Mamie’s memories

Mamie Van Doren has led a pretty wild life which she enjoys sharing with others. One of her first studio dates was with Rock Hudson.

Mamie found here

“Oh, there were rumors about Rock even then. Some of the other actresses under contract had told me that on a date with Rock, I would be as safe as though I was in my mother’s arms. It was, in fact, a publicity stunt on the part of the studio to get Rock out on the town with the newest sexy starlet in their stable.

Rock found here

I was ready when the doorbell rang, done up in a prom-queen gown that the studio’s Wardrobe Department had created for the occasion. It had a strapless, beaded bodice and layer after layer of crinolines under the skirt.

Rock and I sat at a table with Joan Crawford and her date. Joan was pounding down the booze with a vengeance, eyeing me from time to time the way a barracuda eyes a crippled grouper. She snubbed me totally except to loudly proclaim that I must have diligently fucked my way to the threshold of stardom where I then stood.

Joan found here

When the evening was over, Rock took me home. My parents were asleep, and we tiptoed into the kitchen where we necked, panting heavily, and sank to the floor. I helped Rock unzip his fly, only to discover that it was no pebble he was hiding in there. Zowie! Rock was sporting a boulder! He rolled on top, but found himself engulfed in a cloud of crinoline.

Conversation skirts found here

I tried to guide him inside me but couldn’t reach him through the forest of underskirts. We slid on Mother’s waxed linoleum, struggling for traction.  Rock let out a long sigh and his weight collapsed on top of me. “I’m coming,” he groaned. We got up and repaired the damage as best we could. It’s hard to wipe anything off of crinolines.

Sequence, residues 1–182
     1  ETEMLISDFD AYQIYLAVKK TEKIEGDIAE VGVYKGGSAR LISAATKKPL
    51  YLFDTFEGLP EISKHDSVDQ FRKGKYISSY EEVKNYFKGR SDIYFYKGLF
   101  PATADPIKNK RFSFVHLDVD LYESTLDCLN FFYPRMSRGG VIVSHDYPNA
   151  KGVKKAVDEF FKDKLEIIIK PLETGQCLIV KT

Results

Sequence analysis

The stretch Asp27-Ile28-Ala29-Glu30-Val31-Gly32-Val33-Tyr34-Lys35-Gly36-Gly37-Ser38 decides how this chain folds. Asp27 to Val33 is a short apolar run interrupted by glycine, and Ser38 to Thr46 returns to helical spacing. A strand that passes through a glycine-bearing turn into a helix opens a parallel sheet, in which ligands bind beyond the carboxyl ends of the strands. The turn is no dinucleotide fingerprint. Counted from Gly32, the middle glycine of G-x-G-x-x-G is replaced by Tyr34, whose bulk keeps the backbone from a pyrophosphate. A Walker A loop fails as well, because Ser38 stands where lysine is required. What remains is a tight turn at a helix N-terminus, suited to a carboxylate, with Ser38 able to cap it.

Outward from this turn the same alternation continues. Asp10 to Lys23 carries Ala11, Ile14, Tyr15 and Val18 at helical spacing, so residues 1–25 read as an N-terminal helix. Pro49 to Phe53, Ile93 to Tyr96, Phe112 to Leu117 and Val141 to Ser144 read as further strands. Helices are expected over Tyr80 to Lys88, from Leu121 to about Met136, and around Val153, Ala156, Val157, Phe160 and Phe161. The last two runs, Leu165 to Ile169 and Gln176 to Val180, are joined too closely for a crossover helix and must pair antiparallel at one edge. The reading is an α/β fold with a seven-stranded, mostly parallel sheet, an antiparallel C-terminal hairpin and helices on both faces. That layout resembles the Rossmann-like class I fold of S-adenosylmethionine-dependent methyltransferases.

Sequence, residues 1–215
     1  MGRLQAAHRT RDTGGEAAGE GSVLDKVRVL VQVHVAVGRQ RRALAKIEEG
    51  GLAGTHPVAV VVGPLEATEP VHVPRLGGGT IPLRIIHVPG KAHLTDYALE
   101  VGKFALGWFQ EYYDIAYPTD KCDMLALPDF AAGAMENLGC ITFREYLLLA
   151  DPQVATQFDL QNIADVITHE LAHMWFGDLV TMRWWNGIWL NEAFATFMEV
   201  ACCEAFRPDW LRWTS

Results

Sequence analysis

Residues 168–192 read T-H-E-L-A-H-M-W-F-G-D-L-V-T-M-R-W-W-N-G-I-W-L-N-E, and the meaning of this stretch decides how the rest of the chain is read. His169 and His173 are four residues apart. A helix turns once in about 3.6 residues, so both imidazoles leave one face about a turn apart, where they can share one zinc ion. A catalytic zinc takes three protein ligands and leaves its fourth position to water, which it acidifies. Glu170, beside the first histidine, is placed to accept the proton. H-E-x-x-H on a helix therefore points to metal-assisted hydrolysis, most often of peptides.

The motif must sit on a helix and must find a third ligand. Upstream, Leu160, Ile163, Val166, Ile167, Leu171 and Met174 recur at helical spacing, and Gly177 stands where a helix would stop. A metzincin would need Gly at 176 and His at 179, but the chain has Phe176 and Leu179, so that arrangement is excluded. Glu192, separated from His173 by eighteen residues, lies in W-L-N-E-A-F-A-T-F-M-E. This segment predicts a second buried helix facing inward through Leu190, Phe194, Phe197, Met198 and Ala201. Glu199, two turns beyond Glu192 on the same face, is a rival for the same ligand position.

I took the dress back to the Wardrobe Department and hurried out before they could look at it. For all I know it’s still hanging there in some dusty corner, un-dry cleaned forty-plus years later, mute and crusty testimony to Rock Hudson’s at least occasional bisexuality.

image found here

Fast forward to when Mamie was appearing in a string of pictures for MGM

“Among them was “The Beat Generation” in which I starred opposite a burly, rough-hewn hunk named Steve Cochran. Steve and I launched into an affair that had the cast and crew whispering behind their hands. No sooner would we finish a scene than we would disappear for a quick fuck while they set up the next shot.

Steve found here

Location never mattered much to me. If I had the urge to do someone in an elevator or a taxi or the swimming pool, that’s where it happened. Steve and I had dated for a short time when I found out that he was also seeing Mae West on a regular basis. He explained that whenever he was called to service Mae, he had to show up with a recent negative test for venereal disease. Mae always liked a man who was dark and dangerous-looking, with large equipment. Steve fit the bill perfectly. If I ever would have participated in a menage a trois, it would have been with Steve and Mae. I was never asked. 

Mae found here

On June 15, 1965, at the age of 48, Steve Cochran died on his yacht off the coast of Guatemala due to an acute lung infection. His body, along with three alive but upset female assistants, remained onboard for ten days since the three women didn’t know how to operate the boat. The boat drifted to shore in Port Champerico, Guatemala and was found by authorities. There were various rumors of foul play and poisoning, and Merle Oberon tried to use her influence to push for further police investigations. No new evidence was found.